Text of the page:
Over the past year or so we’ve been talking on this site quite a bit about the 2001 and 2003 Bush tax cuts, and whether or not they would be renewed in some form before they expire on December 31st. We looked at what would happen to the tax rates if they weren’t renewed, and explored some of the alternative plans that were floated by members of congress.
While I’ve thought for some time that Congress would probably act to get something done on the tax cuts, as we get closer and closer to the end of the year I’ve started to have my doubts. Last night, however, President Obama announced that a deal with Congressional Republicans had been reached to extend the tax cuts for everyone. In return the Obama got concessions on extending unemployment insurance for another 13 months. Here is Obama announcing the deal.
Bush Tax Cuts Extended If Deal Is Approved
So President Obama and Congressional Republicans have come to agreement in principal on extending the tax cuts.
President Obama and congressional Republicans agreed Monday to a tentative deal that would extend for two years all the Bush-era income tax breaks set to expire on Dec. 31, continue unemployment benefits for an additional 13 months and cut payroll taxes for workers to encourage employers to start hiring.
Obama was able to extract an agreement from GOP leaders to support an additional 13 months of jobless benefits, a 2 percent employee payroll tax cut and extensions of several tax credits aimed at working families that were included in the stimulus bill.
The deal has been in the works for more than a week and represents a concession by Obama to political reality: Democrats don’t have the votes in Congress to extend only the expiring income tax breaks that benefit the middle class. The White House estimates that the proposed agreement would prevent typical families from facing annual tax increases of about $3,000, starting Jan. 1.
What’s In The Deal To Extend The Tax Cuts
So what exactly is in this deal that was approved by Obama and Congressional Republicans?
- Extension of Bush tax cuts for everyone, for 2 years.
- Reduction of Social Security tax levied on a worker’s wages from 6.2% to 4.2% for one year.
- Reinstatement of the estate tax at 35%. First $5 million for individuals and $10 million for couples is exempt.
- Extension of jobless benefits for another 13 months, beyond current 99 weeks.
- Extension current tax rates on capital gains and dividends for two years, including for higher earners.
- Extension of business tax breaks, including credit for spending on research.
Not Everyone Happy With The Deal
By coming to agreement on extending unemployment benefits and extending the tax cuts Obama hopes to be seen as someone who can work with the other side, and make concessions when the political reality forces him to. Many congressional democrats aren’t happy with the deal, however.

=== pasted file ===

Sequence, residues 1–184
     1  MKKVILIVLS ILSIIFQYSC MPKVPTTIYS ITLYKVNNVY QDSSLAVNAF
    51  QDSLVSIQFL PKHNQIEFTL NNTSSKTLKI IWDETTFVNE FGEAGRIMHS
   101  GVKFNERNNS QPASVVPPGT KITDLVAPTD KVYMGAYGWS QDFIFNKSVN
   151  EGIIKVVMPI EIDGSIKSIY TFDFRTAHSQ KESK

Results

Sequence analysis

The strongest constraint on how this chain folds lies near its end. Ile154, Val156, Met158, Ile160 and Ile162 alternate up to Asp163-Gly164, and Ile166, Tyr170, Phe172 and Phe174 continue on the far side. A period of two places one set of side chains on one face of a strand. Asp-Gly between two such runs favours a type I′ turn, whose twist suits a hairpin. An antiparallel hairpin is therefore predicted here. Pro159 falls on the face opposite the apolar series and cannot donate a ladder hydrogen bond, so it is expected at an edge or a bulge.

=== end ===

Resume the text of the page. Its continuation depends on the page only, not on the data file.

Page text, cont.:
In reaching the deal, whose details still need to be worked out, Mr. Obama brushed past the demands of many in his own party to curb tax cuts for the wealthy. Some liberal lawmakers and activists were left seething, particularly over last-minute concessions to Republicans on the estate tax. Democratic leaders didn’t agree to the deal during meetings on Monday with Mr. Obama and Vice President Joe Biden, according to a House aide.
“I can tell you with certainty that legislative blackmail of this kind by the Republicans will be vehemently opposed by many, if not most, Democrats,” said Rep. John Conyers (D., Mich.).
In the Senate, Tom Harkin (D., Iowa) called it “an understatement” to say he was disappointed.
So what else was approved by Obama and Republicans as part of the deal? The estate tax would be reinstated for certain folks.
The deal also would revive the estate tax, but it would exempt inheritances of up to $5 million for individuals and $10 million for couples. Democrats on Capitol Hill are strongly opposed to setting the cap at that high a level and to the 35 percent rate discussed by Obama and Republicans that would apply to the taxable portion of estates.
Will The Deal Be Passed By Congress?
Obama expressed that it was important that a deal get done, and the White House will be sending Vice President Biden to discuss the deal with Senate Democrats today.
In brief remarks Monday evening, Obama said he was disappointed that the deal would extend breaks for the wealthiest households, but he warned Democrats not to make good on threats to allow all the cuts to expire, as an expression of the party’s opposition to preserving the top-rate cuts. “Sympathetic as I am to those who would prefer a fight to compromise, it would be the wrong thing to do,” the president said. “The American people didn’t send us here to wage symbolic battles.”
The White House is preparing for significant opposition from Democrats and will send Vice President Biden to meet with Senate Democrats on Tuesday. Later on Tuesday, House Democrats are scheduled to discuss the proposed deal.
Both the President and Republicans have ok’d the deal, so will Congressional Democrats fall in line as well? Indications are that they don’t want to, but my guess is that they will agree to this deal in some form. They don’t want to be the ones to hold up tax cuts for the middle class, and President Obama agreeing to this deal has put them in a bind in regards to that.
What do you think will happen with the Bush tax cuts? Will this deal be passed? Do you think that both sides compromising on issues that they previously said they wouldn’t mean that this deal is the best of bad options? Tell us your thoughts in the comments.